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Women In Combat

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NEWS
June 20, 1991
At this point in history, the law technically permits a woman in uniform to become head of the Joint Chiefs of Staff but she cannot jump into a foxhole as an infantry grunt in a shooting war. Not for long. As a result of the gulf war, the movement in Congress to remove legislative obstacles to women in combat has become as irresistible as Stormin' Norman's storied offensive.The House has already approved the elimination of restrictions on the assignment of women to aerial combat. In the Senate, there is a movement to remove all gender-oriented impediments from the law books and to leave military assignments to the Pentagon brass and their civilian bosses.
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NEWS
June 22, 2013
As a Vietnam-era U.S. Marine, I understand why there are only eight female names on the Vietnam Memorial wall out of 58,267. What perplexes me is why women would want to face the horrible conditions of forward combat units in the horror of war ("Pentagon to open most combat roles to women," June 19)? Most combatants our troops face these days are young, Sharia-minded Muslim men from a culture which devalues women; they will react with a horrible vengeance to any woman we put in a battle situation against them.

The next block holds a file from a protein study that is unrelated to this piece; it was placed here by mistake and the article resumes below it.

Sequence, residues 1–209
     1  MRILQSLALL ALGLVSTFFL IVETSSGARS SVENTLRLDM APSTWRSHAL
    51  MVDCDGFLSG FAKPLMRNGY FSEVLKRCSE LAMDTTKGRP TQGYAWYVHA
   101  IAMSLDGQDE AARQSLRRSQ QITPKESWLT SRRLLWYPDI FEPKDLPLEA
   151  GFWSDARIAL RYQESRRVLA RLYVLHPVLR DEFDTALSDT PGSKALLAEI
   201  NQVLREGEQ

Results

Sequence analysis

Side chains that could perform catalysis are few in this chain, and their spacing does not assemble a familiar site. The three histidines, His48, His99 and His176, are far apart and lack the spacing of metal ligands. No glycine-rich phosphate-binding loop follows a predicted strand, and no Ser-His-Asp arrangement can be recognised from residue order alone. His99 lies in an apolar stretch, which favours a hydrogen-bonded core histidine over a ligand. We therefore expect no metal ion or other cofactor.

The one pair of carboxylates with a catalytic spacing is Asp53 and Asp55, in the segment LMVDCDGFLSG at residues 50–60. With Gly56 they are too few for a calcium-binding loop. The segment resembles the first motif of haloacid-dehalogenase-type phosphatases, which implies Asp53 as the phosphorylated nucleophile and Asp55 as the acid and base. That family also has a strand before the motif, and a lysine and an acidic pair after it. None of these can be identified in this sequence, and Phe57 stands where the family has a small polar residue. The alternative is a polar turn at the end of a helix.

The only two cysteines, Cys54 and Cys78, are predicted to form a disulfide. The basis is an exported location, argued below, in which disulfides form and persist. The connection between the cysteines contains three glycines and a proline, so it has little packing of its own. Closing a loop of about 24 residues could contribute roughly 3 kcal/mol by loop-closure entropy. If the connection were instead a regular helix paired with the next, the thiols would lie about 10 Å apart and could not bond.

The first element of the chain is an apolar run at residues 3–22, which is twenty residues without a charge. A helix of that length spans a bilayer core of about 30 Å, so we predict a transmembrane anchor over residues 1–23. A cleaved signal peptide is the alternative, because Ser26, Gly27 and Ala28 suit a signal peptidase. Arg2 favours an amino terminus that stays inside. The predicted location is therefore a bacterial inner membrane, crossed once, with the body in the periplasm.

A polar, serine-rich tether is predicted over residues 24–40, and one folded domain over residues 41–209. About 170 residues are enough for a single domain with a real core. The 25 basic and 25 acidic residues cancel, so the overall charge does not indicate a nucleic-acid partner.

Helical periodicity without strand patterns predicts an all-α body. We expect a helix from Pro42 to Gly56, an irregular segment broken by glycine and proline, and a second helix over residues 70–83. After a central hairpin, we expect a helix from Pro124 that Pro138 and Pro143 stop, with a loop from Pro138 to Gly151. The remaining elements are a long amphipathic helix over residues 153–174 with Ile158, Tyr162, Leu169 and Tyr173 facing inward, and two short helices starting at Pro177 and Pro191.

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NEWS
By ROSEMARY MARINER | May 26, 1996
FOUR HUNDRED years before the birth of Christ, Plato's "Republic" described the Just City protected by a warrior clan whose defining characteristic was thymos, roughly translated as "spiritedness." Because this trait was not a function of gender, but found in individuals of both sexes, Plato argued that "what has to do with war, must be assigned to women also, and they must be used in the same ways." The concept of men and women marching alongside in battle had nothing to do with equal opportunity or radical feminism, concepts noticeably absent in Greek philosophy, but rather was considered just and provided for the city's best defense.
NEWS
Susan Reimer | January 28, 2013
It is hard for me to celebrate the news that women will now be permitted to serve in combat roles. I am pleased for the women in the military who will not have their paths to promotion blocked by artificial limits. Women are, in fact, in harm's way in Afghanistan and other hot spots, and they deserve whatever rewards come with that. And I agree with retired Air Force Brig. Gen. Wilma Vaught, who told Gail Collins of The New York Times, "I think people have come to the sensible conclusion that you can't say a woman's life is more valuable than a man's life.
NEWS
By Los Angeles Times | April 25, 1991
WASHINGTON -- A committee established to advise the Pentagon on the status of women in the military recommended yesterday that Defense Secretary Dick Cheney seek repeal of laws barring women from serving in combat positions.Citing the performance of female GIs in the Persian Gulf war, the Defense Advisory Committee on Women in the Military Services adopted the recommendation in a 29-4 vote at the conclusion of a three-day closed meeting in Washington.Panel leaders discussed the recommendations Monday with Mr. Cheney and Gen. Colin L. Powell, chairman of the Joint Chiefs of Staff.
NEWS
By Richard H. P. Sia and Richard H. P. Sia,Washington Bureau | July 31, 1992